February 17, 2016
The first day of televised Combine workouts won't be for a week and a half when running backs and offensive linemen will run through their drills on the field at Lucas Oil Stadium in Indianapolis. Monday we previewed the running backs; Tuesday we took a look at some offensive tackles; today we'll cover the guards.
The Eagles are the only team in the NFL not to have drafted an offensive lineman over the last two years, and they haven't drafted a guard since 2012. In 2015, the Eagles' lack of quality guard play often stalled their rushing attack and allowed interior pass rushers like Ndamukong Suh and Gerald McCoy to wreck games. Guard is as glaring a hole on the Eagles' roster as you'll find.
Here are five offensive guards / centers competing at the 2016 Combine would might make sense for the Eagles:
At Kansas State, Whitehair played RT, was moved to LG, then back to RT, and finally he found a home at LT. At just 6'4, he'll probably have to move back inside to guard at the pro level. Some believe he's a first-round pick, and that's where the Eagles would have to take him if they had interest.
In a group of offensive linemen that mostly struggled against talented pass rushers all week during Senior Bowl practices, Whitehair was a rare exception and is getting buzz as the likely first guard taken in the 2016 NFL Draft. He could step in from Day 1 and solidify one of the Eagles' two gaping holes at guard, while also having the versatility to kick out to tackle in a pinch. Still, after the Eagles' season a year ago, to come away with a guard in round one would just be so bleh.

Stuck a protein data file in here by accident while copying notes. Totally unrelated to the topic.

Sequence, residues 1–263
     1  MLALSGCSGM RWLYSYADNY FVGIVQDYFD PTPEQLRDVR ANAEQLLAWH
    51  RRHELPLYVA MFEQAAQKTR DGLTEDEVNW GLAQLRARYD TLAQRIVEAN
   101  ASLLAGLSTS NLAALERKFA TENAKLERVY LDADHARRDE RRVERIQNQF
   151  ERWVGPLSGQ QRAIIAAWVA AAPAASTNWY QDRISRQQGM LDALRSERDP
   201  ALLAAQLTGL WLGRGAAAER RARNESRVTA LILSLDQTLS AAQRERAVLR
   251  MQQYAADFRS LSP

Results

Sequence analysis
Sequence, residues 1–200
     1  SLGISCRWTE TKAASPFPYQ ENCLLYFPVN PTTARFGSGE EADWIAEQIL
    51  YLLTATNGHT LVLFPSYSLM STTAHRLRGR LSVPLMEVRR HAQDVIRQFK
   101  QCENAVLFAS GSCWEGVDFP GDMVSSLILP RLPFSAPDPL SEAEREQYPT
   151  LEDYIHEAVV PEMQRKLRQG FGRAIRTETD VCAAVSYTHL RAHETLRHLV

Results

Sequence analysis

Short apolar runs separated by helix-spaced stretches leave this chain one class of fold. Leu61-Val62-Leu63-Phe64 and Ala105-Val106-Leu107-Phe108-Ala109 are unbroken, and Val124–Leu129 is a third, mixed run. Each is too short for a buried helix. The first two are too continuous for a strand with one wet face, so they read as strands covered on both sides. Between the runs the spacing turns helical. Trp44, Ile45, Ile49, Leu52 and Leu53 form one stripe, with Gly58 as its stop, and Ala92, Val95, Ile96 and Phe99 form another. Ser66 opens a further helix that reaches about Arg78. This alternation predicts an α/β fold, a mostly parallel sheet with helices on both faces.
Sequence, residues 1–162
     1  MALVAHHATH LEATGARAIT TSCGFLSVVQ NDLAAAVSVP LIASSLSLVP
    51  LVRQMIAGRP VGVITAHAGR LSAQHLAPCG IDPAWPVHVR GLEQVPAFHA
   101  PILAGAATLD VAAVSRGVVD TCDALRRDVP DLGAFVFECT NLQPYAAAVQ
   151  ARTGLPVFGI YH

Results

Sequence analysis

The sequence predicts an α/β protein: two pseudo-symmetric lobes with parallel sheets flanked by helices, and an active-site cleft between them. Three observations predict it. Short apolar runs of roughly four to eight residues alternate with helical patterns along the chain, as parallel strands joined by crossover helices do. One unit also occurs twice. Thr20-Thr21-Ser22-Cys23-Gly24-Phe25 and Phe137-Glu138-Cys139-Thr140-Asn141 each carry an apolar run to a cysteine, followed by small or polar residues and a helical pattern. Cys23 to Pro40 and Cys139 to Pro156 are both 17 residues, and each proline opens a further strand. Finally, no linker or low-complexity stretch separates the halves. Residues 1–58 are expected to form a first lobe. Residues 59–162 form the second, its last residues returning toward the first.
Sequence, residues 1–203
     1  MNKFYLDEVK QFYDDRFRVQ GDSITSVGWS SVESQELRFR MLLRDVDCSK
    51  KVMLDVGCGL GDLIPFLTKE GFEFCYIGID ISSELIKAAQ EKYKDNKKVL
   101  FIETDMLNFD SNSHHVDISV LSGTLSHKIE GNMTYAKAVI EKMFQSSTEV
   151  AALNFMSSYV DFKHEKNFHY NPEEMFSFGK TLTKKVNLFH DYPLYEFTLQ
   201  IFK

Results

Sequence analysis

Garnett has over 40 games of experience playing for Stanford at guard. He is not the most athletic guy, but when he gets to the second level he looks to put defenders on the ground. One thing the Eagles lack along their interior offensive line is someone who can move a defensive lineman off the line of scrimmage against their will. That's Garnett. He will not come with a high ceiling, but he should have a high floor. Garnett could be a steady player who may be able to step in and play from Day 1.
Westerman is a former big-time high school recruit (27th in the country by Rivals.com), who is an athletic freak likely to destroy the Combine. He reminds me in many ways of Evan Mathis, in that he is a ridiculous athlete with good technical skills, but his weight room strength often doesn't translate into the ability to move defenders off the ball. If the Eagles continue to acquire athletic types who can get to the second level or out in front of running backs and receivers in the screen game, Westerman will be an appealing target.
Dahl isn't anywhere near as athletic as Westerman above. He's more of a scrappy, hustling type with average athleticism, but the scouting community seems to love him. Like Whitehair above, Dahl has experience at guard, played LT last season, and is likely to move back to guard in the NFL. Doug Pederson mentioned that he wants his offensive linemen to have positional versatility and a little "piss and vinegar" in them. Dahl has both of those traits and could be of interest in the middle rounds.
Seumalo's primary position is at center, where he has started since he was a freshman. In his sophomore season (2013), he moved to RT for two games after Oregon State suffered injuries along their offensive line. He broke his foot at the end of the 2013 season, which cost him the entire 2014 season.
In 2015, Seumalo played RG and LT. He is a unique player who can play all five spots along the offensive line. Drafting a player to replace Jason Kelce is out of the question, but the Eagles could certainly use a player who can play multiple positions along the offensive line, including center, as they lost David Molk for the season last year with a torn bicep. The Combine medical checks will be of particular importance to Seumalo.
Follow Jimmy on Twitter: @JimmyKempski
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